Courvoisier offers several tours, including Cognac and Truffles, a day-long treat that includes lunch and tastings.
And it is at Martell where I learned paradise isn't all it's cracked up to be. Instead of angels and fluffy clouds, it's much dustier and dirtier than I imagined.
Paradis, the French spelling, is more of dark, damp dungeon-like cellar where the oldest and best cognacs are kept for aging. Instead of brushing against gossamer wings, you're more likely to encounter gooey cobwebs and black mold.
"That's the angel's share," our guide explains in good-enough-but-not-perfect English and pointing to the ink-colored mold. "It feeds from the fumes, the alcohol that evaporates from the cognac as it ages. It's like black velvet."
Gathered around myriad barrels full of cognac quietly aging in oak casks, we raised a glass of cognac to France's happy angels.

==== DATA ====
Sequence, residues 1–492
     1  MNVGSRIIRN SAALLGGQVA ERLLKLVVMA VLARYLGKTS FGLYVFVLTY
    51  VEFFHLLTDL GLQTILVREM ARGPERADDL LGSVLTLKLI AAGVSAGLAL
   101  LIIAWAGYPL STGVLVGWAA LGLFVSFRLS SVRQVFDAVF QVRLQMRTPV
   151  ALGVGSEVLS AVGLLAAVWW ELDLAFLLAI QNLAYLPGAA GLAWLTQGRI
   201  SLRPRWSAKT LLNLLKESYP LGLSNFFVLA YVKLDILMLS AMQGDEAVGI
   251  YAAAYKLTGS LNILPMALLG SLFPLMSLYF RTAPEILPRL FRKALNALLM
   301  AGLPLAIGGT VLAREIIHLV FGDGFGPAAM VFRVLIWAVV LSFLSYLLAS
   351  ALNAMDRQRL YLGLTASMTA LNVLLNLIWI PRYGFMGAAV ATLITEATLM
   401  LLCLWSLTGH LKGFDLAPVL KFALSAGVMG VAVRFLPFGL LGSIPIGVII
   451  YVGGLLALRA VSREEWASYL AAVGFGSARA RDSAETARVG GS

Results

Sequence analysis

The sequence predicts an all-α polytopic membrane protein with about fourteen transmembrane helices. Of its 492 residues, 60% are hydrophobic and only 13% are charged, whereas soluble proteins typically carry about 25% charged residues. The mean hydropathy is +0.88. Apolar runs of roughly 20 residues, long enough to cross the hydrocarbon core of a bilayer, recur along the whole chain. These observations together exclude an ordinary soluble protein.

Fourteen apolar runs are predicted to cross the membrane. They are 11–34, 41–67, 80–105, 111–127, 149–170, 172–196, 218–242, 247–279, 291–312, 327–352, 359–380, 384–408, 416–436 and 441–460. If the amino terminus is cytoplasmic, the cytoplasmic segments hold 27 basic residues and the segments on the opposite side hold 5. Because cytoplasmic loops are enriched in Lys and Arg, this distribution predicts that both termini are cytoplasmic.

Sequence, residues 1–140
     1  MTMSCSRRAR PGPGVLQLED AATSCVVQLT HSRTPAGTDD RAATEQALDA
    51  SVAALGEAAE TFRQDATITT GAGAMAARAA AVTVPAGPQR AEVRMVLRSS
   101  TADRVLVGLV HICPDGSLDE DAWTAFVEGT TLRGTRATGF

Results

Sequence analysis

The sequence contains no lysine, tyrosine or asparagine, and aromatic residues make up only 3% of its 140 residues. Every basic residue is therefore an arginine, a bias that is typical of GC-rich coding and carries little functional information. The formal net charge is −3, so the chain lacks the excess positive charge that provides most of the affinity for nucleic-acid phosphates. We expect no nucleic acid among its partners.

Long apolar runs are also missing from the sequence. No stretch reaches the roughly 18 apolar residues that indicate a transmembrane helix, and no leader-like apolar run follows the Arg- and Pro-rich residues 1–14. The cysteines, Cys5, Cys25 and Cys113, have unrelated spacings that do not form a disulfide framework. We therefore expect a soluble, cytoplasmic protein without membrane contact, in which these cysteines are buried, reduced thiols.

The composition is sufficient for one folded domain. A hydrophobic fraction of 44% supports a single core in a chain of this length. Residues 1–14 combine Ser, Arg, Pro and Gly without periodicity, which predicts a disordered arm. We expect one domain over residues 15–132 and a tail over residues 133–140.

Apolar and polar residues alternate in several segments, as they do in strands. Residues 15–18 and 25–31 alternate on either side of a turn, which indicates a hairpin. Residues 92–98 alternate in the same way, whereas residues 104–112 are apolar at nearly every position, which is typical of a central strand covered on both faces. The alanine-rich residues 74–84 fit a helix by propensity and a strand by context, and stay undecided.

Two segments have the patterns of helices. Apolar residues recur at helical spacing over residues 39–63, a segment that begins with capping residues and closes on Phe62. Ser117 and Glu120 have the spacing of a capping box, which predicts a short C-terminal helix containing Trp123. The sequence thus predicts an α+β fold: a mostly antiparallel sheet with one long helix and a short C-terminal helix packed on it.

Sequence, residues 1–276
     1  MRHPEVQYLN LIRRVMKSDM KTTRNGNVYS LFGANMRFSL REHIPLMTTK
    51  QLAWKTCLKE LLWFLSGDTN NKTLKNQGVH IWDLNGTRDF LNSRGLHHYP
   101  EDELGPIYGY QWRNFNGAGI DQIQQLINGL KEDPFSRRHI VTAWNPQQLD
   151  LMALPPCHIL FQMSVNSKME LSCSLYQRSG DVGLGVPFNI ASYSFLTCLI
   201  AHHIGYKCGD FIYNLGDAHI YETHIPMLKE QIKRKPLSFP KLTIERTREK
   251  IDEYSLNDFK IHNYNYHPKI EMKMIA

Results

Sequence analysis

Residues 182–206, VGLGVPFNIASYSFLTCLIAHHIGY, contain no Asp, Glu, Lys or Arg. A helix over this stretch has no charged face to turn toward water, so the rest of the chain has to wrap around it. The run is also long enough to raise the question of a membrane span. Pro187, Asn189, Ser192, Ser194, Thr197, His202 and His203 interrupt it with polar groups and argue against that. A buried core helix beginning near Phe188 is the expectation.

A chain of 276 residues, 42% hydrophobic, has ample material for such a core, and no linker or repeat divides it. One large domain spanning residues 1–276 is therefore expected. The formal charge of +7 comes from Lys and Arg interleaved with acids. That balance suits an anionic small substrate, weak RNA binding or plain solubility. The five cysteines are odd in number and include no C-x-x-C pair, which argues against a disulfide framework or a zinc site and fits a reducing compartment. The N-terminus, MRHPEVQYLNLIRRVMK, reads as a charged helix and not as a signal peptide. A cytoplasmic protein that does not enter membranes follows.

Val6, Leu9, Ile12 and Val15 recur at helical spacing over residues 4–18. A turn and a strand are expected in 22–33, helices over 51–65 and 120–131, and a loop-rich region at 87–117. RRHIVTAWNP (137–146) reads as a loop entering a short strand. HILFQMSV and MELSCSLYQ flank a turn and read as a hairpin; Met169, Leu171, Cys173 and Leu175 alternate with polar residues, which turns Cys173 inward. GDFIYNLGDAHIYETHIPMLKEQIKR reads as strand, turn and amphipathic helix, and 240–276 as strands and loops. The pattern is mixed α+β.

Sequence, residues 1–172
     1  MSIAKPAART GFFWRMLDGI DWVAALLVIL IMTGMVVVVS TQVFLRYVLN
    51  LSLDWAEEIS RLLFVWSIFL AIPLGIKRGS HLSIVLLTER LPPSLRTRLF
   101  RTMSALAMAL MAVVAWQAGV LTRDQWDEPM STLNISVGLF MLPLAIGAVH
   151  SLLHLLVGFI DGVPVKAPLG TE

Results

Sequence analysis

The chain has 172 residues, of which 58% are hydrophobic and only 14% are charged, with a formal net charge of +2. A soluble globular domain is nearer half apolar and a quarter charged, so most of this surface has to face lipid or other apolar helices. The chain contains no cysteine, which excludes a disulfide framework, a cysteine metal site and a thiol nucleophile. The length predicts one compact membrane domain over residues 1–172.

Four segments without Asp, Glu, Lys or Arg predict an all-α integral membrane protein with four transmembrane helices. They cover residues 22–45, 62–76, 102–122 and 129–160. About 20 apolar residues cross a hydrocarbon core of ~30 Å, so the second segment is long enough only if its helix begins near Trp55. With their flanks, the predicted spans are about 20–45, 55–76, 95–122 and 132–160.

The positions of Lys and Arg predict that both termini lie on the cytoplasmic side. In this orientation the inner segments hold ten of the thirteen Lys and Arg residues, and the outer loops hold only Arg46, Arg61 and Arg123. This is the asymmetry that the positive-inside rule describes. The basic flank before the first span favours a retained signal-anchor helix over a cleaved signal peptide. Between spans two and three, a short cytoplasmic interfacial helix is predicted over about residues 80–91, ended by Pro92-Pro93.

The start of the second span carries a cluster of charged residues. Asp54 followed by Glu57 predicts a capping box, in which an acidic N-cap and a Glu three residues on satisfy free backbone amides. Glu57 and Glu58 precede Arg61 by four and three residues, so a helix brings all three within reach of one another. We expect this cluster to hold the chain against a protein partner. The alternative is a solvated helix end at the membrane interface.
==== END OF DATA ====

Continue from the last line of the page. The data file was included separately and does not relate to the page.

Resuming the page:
IF YOU GO:
For more information on tours and tastings, visit Benedictine at http://www.BenedictineDom.com, Cointreau at http://www.Cointreau.com, Remy Martin at http://www.Remy.com, Courvoisier at http://www.Courvoisier.com, Hennessy at http://www.Hennessy.com, and Martell at http://www.Martell.com.
To learn more about cognac, the spirit, visit http://www.cognac.fr, and to learn more about the Cognac region, visit http://www.tourism-cognac.com. For more information on Normandy and the Loire Valley, visit http://www.Normandy-Tourism.org and http://www.LoireValleyTourism.com.
Your travel agent can put together an itinerary with either a group or individual tour. Keep in mind that some distilleries are open only seasonally, so check the websites first.
Almost all major U.S. carriers have direct flights into Paris. Air France (www.AirFrance.com) and Open Skies (www.FlyOpenSkies.com) are Paris-based airlines with nonstops from the U.S. If you rent a car, driving is on the right-hand side of the road. Fecamp is about a three-hour drive from Paris and Cognac is about five hours.